-gather data about the time invested by managers and employees preparing for and going through the process

      -the unintended effects of performance reviews (e.g., on morale, gaming the system, competition, etc.)

      With the exception of counting the hours spent, these aren’t easy things to assess. Even if you only counted the hours, it would probably raise some questions.

      And lest there be confusion, fulfilling the requirements of a performance appraisal policy, filling in forms, and writing appraisal documents is *not* managing.

  9. Work that I have followed at a company called Vital Smarts basically says that 80% of all companies are in process of changing their performance systems. The majority of companies with the best employee engagement actually had no performance review system that they studied.

    But some companies the performance review system is in place and is not going anywhere. The question that managers have to ask themselves is can I meet the requirements of the HR department while at the same time make the performance review process a positive experience.

    It really isn’t a matter up to the company but rather each individual manager to arrive an outcome that meets both requirements.

    Key to all of this is that nothing said in the annual review should be a surprise. If there is then the manager is not doing their job. If a review lasts any longer than 30 minutes then something is wrong, or else you are not doing a review.

    • I’m all for managers talking to employees about performance, when managers are aware of the part they play in creating an environment for excellent performance. Competent managers can do this without an HR mandate and an imposed process.

      Too often, managers focus on an individuals short-comings with out acknowledging their own part in an employees success or failure. Too often, it’s exercise that serves to reinforce the power imbalance in the relationship, without imparting useful information

      If competent managers can talk about performance without a performance review system, and the system doesn’t help poor managers, yet takes up everyone’s time, I have a hard time seeing why anyone should keep a performance review system. Better that HR train the managers how to give feedback in a timely manner, and managers learn how to create an environment for success.

      • Thank you…you’ve hit on my number one issue about managers. Performance should not be discussed relation to what people don’t do well (short comings), but rather on what people do well.

        A manager’s #1 job is to identify each person’s unique talents/strengths/gifts, and figure out how to apply them within a team structure. Too often they are tied into role/responsibilities and not into finding what they do best and are passionate about. The problem here is that most managers don’t know how to do this, or are not given the time.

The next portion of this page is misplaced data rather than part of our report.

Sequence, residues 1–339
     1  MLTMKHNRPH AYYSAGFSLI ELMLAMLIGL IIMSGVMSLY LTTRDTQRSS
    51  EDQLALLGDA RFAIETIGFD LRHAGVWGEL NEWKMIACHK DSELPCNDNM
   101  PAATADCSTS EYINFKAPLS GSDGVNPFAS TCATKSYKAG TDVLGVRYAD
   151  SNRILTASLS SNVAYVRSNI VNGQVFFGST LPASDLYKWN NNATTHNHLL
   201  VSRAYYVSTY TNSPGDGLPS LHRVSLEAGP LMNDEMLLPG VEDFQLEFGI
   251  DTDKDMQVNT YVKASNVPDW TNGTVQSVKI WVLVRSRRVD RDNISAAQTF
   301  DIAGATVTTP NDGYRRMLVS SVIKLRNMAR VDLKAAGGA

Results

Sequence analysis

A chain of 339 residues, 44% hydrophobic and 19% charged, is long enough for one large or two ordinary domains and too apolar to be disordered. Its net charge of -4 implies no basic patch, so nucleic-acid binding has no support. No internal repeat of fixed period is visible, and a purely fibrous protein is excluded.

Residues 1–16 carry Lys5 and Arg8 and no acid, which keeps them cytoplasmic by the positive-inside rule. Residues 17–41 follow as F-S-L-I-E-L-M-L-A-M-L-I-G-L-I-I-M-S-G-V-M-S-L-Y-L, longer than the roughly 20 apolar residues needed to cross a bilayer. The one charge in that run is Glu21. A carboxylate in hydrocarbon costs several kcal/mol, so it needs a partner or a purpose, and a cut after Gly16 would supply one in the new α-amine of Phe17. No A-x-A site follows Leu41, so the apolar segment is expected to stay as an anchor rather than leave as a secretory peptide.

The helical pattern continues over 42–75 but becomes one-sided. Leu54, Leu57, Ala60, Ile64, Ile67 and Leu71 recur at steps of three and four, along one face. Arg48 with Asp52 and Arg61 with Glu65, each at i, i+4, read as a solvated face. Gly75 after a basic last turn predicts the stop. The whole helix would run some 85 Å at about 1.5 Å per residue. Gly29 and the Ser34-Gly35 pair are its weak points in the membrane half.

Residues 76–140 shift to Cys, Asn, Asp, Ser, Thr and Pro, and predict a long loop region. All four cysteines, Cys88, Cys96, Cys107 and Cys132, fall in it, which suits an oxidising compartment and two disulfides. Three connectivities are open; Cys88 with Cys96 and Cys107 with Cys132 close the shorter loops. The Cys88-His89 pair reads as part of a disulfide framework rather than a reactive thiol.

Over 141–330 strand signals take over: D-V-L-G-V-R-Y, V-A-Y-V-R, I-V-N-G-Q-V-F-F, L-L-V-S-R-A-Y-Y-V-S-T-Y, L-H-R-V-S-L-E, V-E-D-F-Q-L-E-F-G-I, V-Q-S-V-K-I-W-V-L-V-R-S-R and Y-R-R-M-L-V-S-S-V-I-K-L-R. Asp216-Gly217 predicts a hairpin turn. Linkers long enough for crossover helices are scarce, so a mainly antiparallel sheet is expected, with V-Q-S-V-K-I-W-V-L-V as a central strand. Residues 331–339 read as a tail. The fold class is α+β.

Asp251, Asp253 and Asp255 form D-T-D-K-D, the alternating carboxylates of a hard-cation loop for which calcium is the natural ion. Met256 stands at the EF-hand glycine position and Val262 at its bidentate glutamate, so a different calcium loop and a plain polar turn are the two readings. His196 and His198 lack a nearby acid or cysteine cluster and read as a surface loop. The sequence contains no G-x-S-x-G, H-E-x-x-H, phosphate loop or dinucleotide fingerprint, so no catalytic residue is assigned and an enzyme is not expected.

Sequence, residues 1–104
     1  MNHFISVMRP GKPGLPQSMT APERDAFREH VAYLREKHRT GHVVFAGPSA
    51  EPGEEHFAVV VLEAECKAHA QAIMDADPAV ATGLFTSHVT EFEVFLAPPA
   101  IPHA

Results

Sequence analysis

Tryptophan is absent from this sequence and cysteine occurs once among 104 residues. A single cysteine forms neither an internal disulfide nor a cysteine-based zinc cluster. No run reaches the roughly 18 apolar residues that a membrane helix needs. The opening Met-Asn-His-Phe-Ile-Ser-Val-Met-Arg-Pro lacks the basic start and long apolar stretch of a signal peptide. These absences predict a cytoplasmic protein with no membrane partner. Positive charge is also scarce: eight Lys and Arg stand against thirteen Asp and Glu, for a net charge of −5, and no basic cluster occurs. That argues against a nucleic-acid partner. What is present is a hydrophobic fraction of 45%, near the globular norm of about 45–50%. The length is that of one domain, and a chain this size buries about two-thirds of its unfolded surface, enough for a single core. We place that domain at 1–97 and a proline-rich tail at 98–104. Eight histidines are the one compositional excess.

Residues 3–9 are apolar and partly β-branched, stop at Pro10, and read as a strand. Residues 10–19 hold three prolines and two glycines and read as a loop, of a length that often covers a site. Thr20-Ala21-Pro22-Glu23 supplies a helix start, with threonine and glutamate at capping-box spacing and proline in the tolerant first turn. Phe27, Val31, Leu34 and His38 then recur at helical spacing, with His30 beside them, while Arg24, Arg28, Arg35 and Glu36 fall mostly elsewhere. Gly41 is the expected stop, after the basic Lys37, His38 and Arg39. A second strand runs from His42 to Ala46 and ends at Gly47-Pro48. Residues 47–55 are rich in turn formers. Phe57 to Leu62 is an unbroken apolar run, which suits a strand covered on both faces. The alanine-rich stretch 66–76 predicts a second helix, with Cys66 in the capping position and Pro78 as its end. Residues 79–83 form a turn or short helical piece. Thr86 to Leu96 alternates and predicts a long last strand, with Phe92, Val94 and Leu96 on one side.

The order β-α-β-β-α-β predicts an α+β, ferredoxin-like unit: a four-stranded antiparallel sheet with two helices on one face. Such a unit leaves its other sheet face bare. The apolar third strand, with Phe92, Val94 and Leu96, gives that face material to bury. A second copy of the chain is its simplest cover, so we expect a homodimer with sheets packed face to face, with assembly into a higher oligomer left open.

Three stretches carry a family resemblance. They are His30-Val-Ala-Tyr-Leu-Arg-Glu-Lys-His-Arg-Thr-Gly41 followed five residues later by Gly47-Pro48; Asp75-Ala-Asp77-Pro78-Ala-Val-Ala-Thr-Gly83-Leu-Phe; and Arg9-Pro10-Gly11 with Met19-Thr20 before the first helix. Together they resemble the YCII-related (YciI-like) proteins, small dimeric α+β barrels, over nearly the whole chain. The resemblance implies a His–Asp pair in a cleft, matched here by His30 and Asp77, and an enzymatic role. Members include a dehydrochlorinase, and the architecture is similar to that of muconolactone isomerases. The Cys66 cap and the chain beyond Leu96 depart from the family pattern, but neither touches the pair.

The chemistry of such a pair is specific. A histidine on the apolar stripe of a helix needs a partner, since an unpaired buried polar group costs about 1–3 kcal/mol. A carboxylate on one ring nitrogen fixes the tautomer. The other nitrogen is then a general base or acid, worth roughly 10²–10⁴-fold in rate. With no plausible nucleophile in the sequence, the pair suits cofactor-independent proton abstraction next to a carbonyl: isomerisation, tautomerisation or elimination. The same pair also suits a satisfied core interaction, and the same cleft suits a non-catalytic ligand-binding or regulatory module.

Once you can make a link between a person’s passions and their productivity then you can have the performance conversation.

        • Hi, Riley –

          I agree that narrow role and job definitions can get in the way. That’s mechanistic thinking and gets in the way of seeing the bigger goal (the outcome vs. “my tasks”) and stifles collaboration. Most complex work requires many skills–it doesn’t work to slice them fine and divvy them up.

          As for applying strengths, I see another option. Rather than have put all the responsibility on the manager, the team can organize their work (within certain constraints). That gives people a chance to self-select (again within constraints, such as not creating bottlenecks or raising the truck factor), and to work outside a rigid job description.

  10. Performance reviews allow managers to hold employees “accountable” (the new buzz word–read “blame”)) for stuff they (the employees) mostly don’t care about. Adults are not prancing horses to be graded on “performance” in the ring. HR in most companies is on a power trip and administering these reviews ensures the continued employment of managers and HR personnel. The other trend is for VitalSmarts (mentioned in a earlier post) and other companies to sell interpersonal skill courses like “Crucial Conversations”–which should be called “How WASPs talk to each other.” Has nothing to do with how Hispanics, Asians, Italians and Jews, among others, talk to others or relate. Just another psychobabble scam. Others are Influencer courses, from the same company, and the use of the phrase “above the line” or “below the line” thinking or behavior (Johnny, you’re below the line, go to your room). When will these companies treat us like adults? Glad I’m recently retired.

  11. A job well-done is its own reward! Dispose the “gold stars/M&M’s/everyone wins a trophy mentality”. You come to work to perform a function and get paid for your output. Continuous feedback eliminates the need for reviews.